When you first see this dialog, there will only be two Protocols listed in the bottom window: IBM TCP/IP and IBM OS/2 NETBIOS. They will both be listed with a leading "0 -" as the IBM TCP/IP is shown above. This leading number is the logical adapter number. The fact that a single physical adapter can be treated as multiple logical adapters is the reason for the "M" in MPTS. It is necessary because you can't have two approaches to NetBIOS on the same logical adapter; thus, you must use the "Change number" button after adding the IBM NetBIOS over TCP/IP protocol to the Current Configuration list.

According to the documentation, you shouldn't actually need to have the IBM OS/2 NetBIOS in the current configuration if you are not going to access devices on your local net. However, I found that I needed both protocols in the configuration -- although that may have been a consequence of other glitches that were eventually resolved. Unless you're trying to support 1000 connections (and you're running Warp Server), there's little lost by putting both in your configuration.

The configuration program won't let you close this dialog box until the two NetBIOS protocols are assigned to different logical adapters, so you can't get out of here without changing one of them. According to the documentation, it doesn't matter which is assigned to adapter 1 or 0; this is my configuration.

Once you have made these changes, you can select the OK, Close, and Exit buttons, respectively, to back out.

NOTE: The install/configuration program will tell you to reboot at this point - DO NOT REBOOT. There are a couple more steps to be taken before you reboot.

Step Three: Edit IBMLAN.INI (top)

The MPTS Configure program should do this, but doesn't. Open the file \IBMCOM\PROTOCOL.INI, which can be found on your OS/2 boot drive. You should look for the ADAPTERn records (i.e., ADAPTER1= , ADAPTER2 =):

The key thing is to verify which adapter is associated with plain NetBIOS (ADAPTER1 = netbeui$) and which is associated with NetBIOS over TCP/IP (ADAPTER0 = tcpbeui$). These values should correspond with your choices made in the MPTS configuration program, but it pays to check.

What you need this for is the editing of the \IBMLAN\IBMLAN.INI file, again on your OS/2 boot drive. For whatever reason, the MTPS configuration program will NOT update this file correctly.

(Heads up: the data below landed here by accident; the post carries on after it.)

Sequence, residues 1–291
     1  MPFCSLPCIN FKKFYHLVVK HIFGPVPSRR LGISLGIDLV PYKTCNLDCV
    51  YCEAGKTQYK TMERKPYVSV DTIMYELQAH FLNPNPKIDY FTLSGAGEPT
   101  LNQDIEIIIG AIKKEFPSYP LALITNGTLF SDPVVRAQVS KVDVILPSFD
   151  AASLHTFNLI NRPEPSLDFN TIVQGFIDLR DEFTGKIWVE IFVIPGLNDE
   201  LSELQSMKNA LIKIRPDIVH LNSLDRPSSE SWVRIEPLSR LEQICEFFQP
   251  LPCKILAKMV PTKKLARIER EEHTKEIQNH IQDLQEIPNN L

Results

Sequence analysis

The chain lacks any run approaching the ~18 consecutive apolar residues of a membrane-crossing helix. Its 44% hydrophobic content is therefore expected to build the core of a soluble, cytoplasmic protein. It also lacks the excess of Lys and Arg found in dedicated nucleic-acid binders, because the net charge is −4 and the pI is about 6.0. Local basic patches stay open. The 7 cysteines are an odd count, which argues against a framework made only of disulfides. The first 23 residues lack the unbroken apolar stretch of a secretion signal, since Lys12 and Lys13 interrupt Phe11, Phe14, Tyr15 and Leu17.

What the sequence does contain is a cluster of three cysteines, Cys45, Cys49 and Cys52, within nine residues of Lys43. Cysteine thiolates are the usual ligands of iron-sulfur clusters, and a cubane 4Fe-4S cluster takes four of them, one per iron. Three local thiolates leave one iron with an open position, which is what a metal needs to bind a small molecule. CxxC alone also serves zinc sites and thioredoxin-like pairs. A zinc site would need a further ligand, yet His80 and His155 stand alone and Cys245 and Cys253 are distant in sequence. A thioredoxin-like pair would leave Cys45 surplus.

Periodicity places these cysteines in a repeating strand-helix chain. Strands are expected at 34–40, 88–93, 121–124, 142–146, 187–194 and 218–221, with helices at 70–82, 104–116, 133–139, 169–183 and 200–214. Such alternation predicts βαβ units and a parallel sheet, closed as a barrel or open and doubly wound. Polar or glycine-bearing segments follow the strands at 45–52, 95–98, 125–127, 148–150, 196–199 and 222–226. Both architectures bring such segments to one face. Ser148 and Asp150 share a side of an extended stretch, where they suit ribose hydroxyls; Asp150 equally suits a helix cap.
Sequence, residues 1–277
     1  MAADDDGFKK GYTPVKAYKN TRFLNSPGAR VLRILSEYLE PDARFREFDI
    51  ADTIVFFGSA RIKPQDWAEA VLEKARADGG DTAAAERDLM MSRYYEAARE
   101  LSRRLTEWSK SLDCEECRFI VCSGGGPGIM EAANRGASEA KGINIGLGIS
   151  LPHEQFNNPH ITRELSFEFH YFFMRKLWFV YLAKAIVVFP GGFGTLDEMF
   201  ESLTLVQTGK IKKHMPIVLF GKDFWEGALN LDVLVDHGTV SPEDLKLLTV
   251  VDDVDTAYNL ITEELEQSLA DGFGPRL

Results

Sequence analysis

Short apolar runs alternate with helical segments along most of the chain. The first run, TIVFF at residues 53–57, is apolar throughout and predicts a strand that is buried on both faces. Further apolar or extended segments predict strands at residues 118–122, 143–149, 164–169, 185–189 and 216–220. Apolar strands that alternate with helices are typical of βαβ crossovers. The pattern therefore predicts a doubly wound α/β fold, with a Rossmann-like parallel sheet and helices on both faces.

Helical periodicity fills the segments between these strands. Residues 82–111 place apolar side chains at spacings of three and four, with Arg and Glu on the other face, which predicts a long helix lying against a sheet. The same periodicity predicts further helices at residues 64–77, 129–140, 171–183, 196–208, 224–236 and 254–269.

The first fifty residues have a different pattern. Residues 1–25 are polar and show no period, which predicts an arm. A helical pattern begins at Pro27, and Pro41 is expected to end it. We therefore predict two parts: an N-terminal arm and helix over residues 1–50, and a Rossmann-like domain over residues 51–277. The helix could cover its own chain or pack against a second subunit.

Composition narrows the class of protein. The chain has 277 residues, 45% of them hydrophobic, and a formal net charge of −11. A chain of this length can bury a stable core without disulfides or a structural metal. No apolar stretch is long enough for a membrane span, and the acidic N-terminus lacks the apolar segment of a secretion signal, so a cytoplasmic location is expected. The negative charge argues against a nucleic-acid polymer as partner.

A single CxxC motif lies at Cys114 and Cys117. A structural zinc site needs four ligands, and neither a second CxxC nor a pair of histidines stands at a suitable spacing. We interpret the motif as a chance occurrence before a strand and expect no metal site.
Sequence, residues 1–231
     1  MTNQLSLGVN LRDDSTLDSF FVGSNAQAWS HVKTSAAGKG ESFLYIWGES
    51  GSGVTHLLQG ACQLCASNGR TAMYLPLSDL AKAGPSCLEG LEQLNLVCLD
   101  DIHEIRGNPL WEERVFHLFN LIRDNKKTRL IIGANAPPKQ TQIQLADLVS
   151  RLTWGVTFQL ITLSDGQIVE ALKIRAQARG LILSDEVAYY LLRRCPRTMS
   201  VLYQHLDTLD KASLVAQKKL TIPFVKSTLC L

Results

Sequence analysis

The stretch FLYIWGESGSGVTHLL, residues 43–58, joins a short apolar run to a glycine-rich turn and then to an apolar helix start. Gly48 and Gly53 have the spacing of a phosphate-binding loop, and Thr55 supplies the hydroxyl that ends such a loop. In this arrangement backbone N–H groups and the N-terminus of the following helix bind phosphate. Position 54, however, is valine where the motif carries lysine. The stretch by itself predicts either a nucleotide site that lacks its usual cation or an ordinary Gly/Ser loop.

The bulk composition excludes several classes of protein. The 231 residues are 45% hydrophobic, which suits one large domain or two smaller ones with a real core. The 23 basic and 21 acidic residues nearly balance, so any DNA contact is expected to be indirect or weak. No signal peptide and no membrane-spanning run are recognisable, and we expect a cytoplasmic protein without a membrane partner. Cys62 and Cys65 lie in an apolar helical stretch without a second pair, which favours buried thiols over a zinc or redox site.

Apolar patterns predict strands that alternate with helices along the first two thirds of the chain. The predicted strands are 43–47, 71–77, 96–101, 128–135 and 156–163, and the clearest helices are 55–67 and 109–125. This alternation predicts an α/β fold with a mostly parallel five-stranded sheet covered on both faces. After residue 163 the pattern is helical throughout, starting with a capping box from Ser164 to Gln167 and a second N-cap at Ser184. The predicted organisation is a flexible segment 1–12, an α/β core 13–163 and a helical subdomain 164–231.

When you open the IBMLAN.INI file, look at the beginning of the file for records like:


The odds are VERY good that you will only find only one of these records. But you must have two lines and one must refer to TCPBEUI$ and the other must refer to NETBEUI$, and the number immediately following must correspond with the logical adapter numbers selected in the MPTS configuration program (i.e., the net1= record must correspond with logical adapter 0, the net2= record must correspond with logical adapter 2, etc.). It's easy to add the second record; copy the existing record, and change the NETBEUI (or TCPBEUI) to the other, and get the adapter and net numbers right. Don't worry about the rest of the numbers in the record; just make sure you copy them exactly.

Next, search for a "wrknets =" record. You should find a record like "wrknets = NET1." You should change it so that it reads "wrknets = NET1,NET2" (like the following image). Again, don't worry about the other records; you just want to make sure to add the NET2 to the wrknets= record:

Finally, you need to search also for "srvnets =" -- and you'll do exactly the same thing: make sure that the "srvnets =" record refers to both NET1 and NET2 (i.e., srvnets = NET1,NET2).

Save this file.

Step Four: Now You Can Reboot (top)

You should get some startup messages describing the installation of TCPBEUI. If you get an error saying that the "NETWKSTA.200" is not a device driver, then you need to start this all over again. Keep slogging and make sure that you got all the NETn and protocol adapter numbers right. Eventually, you should get it all to boot correctly. And, when you do, you'll be able to get started on setting up your Peer work.